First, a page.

Rhythm of Capitalism (Lefebvrian video project/blog)

I stumbled across this project by a group of Amsterdam University-based students of new media who are putting together videos and Henri Lefebvre’s remarks on rhythmanalysis.

They write that:

“Our videos employ main themes of Lefebvre’s book such as rhythm and capitalism, critique of everyday life, rhythm, sound and the city, flows of capital and flows of crowds etc. The videos are not meant to illustrate the book but rather to engage into the theory of Lefebvre in depth through practice, through observation and art. Moreover, the blog contains several additional readings to the topic and other activist/artist projects based on the same themes.”

The site is here:

http://rhythmofcapitalism.wordpress.com/about-henri-lefebvre/

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any humanities urban scholars involved in this yet…?

Miriam E. Sweeney

The Humanities, Arts, Science, and Technology Advanced Collaboratory (HASTAC) is a consortium of interdisciplinary scholars including humanists, social scientists, scientists, and engineers who share knowledge around new media, digital technologies, and critical perspectives in the information age.  I can’t say enough about the quality of this program, founded in 2002 by Cathy N. Davidson (Duke University) and David Theo Goldberg (Director, UCHRI).  Some quick statistics on the program give an idea of the breadth of engagement in this community:

  • 9,150 HASTAC members
  • 522 HASTAC Scholars between 2008-2012
  • Over 120 institutions in North America and abroad have nominated HASTAC Scholars, with representation of a diverse range of community colleges, liberal arts colleges, public universities, and research universities.
  • 29 HASTAC Scholar Forums on topics such as Grading 2.0: Evaluation in a Digital Age; Democratizing Knowledge; Critical Code Studies; Race, Ethnicity, and Diaspora in a Digital Age; and Queer and Feminist New Media…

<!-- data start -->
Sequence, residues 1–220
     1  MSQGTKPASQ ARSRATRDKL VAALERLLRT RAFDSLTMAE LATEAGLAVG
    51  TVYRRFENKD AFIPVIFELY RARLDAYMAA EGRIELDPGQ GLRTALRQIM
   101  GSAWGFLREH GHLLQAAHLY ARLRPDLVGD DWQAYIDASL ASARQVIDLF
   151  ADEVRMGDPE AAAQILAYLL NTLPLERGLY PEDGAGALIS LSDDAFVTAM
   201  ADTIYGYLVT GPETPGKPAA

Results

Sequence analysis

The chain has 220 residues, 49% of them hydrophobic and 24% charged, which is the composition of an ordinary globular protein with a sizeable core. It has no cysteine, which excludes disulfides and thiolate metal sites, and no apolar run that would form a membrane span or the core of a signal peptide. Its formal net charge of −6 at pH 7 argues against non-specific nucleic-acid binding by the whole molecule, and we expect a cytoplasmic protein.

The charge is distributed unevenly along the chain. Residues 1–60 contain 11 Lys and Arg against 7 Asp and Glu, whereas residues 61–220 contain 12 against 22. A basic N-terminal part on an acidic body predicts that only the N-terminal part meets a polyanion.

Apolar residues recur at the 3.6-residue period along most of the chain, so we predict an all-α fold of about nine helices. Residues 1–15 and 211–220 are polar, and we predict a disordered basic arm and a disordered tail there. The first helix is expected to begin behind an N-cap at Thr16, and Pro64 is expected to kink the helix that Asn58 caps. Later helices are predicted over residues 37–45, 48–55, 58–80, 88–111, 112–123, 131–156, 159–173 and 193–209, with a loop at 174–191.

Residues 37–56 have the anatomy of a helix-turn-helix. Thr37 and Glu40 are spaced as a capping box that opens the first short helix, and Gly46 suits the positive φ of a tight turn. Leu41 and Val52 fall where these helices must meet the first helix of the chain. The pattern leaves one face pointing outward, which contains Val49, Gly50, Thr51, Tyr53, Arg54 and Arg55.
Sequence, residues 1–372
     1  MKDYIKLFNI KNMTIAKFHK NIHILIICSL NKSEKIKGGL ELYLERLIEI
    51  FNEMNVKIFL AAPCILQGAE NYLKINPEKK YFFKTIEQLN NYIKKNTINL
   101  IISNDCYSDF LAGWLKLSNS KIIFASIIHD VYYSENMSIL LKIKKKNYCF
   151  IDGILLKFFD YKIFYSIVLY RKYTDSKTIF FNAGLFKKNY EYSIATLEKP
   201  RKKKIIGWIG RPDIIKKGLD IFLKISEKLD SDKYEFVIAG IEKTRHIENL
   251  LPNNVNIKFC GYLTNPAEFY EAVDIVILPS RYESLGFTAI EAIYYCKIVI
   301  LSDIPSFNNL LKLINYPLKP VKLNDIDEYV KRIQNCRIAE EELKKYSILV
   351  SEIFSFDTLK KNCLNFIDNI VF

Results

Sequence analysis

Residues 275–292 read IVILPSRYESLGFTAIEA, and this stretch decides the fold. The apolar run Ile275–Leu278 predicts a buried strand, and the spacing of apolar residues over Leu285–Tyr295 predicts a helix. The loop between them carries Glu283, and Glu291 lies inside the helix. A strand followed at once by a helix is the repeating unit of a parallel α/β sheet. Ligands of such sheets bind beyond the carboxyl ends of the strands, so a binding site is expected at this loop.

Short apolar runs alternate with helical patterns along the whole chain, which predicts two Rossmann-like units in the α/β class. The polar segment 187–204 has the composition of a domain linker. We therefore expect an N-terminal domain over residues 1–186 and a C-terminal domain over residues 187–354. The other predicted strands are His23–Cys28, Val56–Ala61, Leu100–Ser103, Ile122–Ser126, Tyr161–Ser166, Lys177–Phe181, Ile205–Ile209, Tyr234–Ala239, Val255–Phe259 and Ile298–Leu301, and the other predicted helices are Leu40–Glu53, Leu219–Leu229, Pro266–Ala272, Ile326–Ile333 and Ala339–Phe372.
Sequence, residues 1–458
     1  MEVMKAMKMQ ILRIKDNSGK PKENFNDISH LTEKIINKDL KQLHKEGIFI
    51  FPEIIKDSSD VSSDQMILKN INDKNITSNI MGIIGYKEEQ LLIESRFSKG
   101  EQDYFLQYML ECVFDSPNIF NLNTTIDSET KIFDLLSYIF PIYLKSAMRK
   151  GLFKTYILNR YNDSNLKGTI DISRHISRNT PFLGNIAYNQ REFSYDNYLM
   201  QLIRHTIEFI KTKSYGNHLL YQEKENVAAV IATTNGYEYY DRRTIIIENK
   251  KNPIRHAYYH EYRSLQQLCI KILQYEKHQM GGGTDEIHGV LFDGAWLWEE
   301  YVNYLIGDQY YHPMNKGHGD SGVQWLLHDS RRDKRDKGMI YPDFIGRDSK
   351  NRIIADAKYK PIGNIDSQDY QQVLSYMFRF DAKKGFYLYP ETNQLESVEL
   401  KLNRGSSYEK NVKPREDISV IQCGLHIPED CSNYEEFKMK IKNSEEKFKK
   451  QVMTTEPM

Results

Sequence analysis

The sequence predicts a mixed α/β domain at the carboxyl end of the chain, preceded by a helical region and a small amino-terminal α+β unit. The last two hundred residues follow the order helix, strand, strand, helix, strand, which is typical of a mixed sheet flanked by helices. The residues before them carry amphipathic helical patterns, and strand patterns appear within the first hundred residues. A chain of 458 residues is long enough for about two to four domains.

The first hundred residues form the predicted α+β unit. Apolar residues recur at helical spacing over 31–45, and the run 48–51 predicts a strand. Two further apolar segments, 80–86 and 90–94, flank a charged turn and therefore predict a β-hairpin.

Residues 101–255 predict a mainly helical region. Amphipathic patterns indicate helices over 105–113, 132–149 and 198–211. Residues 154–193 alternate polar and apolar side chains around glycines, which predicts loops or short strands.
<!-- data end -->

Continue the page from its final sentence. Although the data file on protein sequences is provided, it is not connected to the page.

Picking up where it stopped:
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Grand Opening Party for the Museum of Reclaimed Urban Space

Grand Opening Party for MoRUS (Museum of Reclaimed Urban Space) History Museum Saturday, November 17th, 2012 at 7:00 p.m.
MoRUS’s Storefront in C-Squat 155 Avenue C, NYC (on the west side of the street between 9th and 10th Streets)
Come help us celebrate the opening of our very own community history museum with a party on Saturday, November 17th. We will be opening to the public at 3:00pm on Saturday the 17th and having events throughout the day, including a chain-cutting ceremony, tours, slide-shows by Seth Tobocman, and presentations by community organizers. Later in the evening, we will have music, dancing, Marching bands, food, and drinks to kick-off the opening of this innovative museum. Please spread the word and come join us at our grand opening party!
About the Museum:
The Museum of Reclaimed Urban Space (MoRUS) is a living archive of urban activism. The Museum chronicles the East Village community’s history and grassroots activism. It celebrates local activists who transformed abandoned buildings and vacant lots into vibrant community spaces and community gardens. Many of these innovative, sustainable concepts and designs have since pulsed out to the rest of the city and beyond.